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Eating Out: An Important Source Of Food For The Poor And The Food Insecure

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  • Pan, Suwen
  • Jensen, Helen H.

Abstract

Food consumption behaviors in food secure and food insecure households are compared. A two-stage budgeting and a double-hurdle model are used in the estimation. The results of the paper show that both food away from home and food at home are normal goods for both food secure and food insecure households. However, the effects of family structure on food consumption differ for the two household types. For food secure households, having one more child or one more working family member results in a larger marginal increase in food consumption than that for food insecure households. In addition, households with married heads of household are more likely to eat out in food secure households but less likely to eat out in food insecure households compared to households with unmarried heads of household.

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Bibliographic Info

Paper provided by American Agricultural Economics Association (New Name 2008: Agricultural and Applied Economics Association) in its series 2002 Annual meeting, July 28-31, Long Beach, CA with number 19805.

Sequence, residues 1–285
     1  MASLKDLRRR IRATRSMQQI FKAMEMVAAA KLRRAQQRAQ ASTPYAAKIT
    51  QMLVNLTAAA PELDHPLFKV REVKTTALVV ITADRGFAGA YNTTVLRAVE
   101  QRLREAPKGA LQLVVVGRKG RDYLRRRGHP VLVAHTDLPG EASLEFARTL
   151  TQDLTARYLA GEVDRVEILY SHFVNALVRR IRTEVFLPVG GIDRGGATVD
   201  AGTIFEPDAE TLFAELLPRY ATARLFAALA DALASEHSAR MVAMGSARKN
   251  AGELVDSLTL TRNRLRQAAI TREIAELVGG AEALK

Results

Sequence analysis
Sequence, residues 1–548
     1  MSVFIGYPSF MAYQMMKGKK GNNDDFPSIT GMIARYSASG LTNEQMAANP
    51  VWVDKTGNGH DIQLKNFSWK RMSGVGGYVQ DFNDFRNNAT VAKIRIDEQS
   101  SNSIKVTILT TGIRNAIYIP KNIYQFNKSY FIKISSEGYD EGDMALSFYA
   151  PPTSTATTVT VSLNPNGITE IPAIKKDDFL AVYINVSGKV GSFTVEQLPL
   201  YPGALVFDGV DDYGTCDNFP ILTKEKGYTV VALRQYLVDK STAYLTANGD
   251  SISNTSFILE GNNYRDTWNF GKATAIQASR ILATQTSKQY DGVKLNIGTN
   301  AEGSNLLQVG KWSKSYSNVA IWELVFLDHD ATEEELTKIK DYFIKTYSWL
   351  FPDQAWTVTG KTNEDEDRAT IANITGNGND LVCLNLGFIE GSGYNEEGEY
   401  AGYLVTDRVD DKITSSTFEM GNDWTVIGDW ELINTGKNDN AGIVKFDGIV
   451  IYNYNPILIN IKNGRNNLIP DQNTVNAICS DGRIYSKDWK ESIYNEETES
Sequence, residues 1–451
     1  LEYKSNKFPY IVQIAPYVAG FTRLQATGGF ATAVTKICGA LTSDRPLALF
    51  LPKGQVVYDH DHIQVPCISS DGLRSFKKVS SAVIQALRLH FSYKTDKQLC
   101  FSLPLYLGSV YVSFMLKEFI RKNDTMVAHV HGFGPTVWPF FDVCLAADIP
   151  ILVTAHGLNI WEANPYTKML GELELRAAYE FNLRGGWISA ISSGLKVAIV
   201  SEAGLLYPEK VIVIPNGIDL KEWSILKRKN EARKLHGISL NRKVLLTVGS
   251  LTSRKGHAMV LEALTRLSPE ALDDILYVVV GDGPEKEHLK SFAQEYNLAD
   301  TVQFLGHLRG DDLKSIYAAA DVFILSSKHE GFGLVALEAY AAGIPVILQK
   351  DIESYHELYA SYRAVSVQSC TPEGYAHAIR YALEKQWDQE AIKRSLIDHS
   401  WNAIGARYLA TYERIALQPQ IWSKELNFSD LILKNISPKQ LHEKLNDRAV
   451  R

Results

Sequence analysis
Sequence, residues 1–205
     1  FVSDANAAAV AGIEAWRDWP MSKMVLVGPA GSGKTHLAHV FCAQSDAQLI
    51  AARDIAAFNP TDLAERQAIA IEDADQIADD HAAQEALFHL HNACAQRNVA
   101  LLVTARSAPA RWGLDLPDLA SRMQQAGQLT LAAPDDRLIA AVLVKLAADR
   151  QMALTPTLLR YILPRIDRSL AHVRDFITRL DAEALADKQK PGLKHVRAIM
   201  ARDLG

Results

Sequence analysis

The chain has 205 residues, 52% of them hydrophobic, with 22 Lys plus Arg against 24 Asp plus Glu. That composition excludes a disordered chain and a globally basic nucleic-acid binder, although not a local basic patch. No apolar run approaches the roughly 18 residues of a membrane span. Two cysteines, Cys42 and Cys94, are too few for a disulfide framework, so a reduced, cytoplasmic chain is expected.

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Date of creation: 2002
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Handle: RePEc:ags:aaea02:19805

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Keywords: Food Consumption/Nutrition/Food Safety;

References

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  1. Reynolds, Anderson & Shonkwiler, J S, 1991. "Testing and Correcting for Distributional Misspecifications in the Tobit Model: An Application of the Information Matrix Test," Empirical Economics, Springer, vol. 16(3), pages 313-23.
  2. Helen H. Jensen & Justo Manrique, 1996. "Demand for Food Commodities by Income Groups in Indonesia," Center for Agricultural and Rural Development (CARD) Publications 96-wp166, Center for Agricultural and Rural Development (CARD) at Iowa State University.
  3. Arabmazar, Abbas & Schmidt, Peter, 1981. "Further evidence on the robustness of the Tobit estimator to heteroskedasticity," Journal of Econometrics, Elsevier, vol. 17(2), pages 253-258, November.
  4. Jensen, Helen H. & Yen, Steven, 1996. "U.S. Food Expenditures Away from Home by Type of Meal," Staff General Research Papers 922, Iowa State University, Department of Economics.
  5. John L. Park & Oral Capps, 1997. "Demand for Prepared Meals by U.S. Households," American Journal of Agricultural Economics, Agricultural and Applied Economics Association, vol. 79(3), pages 814-824.
  6. Yen, Steven T. & Huang, Chung L., 1996. "Household Demand For Finfish: A Generalized Double-Hurdle Model," Journal of Agricultural and Resource Economics, Western Agricultural Economics Association, vol. 21(02), December.
  7. Nord, Mark, 2005. "Measuring U.S. Household Food Security," Amber Waves, United States Department of Agriculture, Economic Research Service, April.
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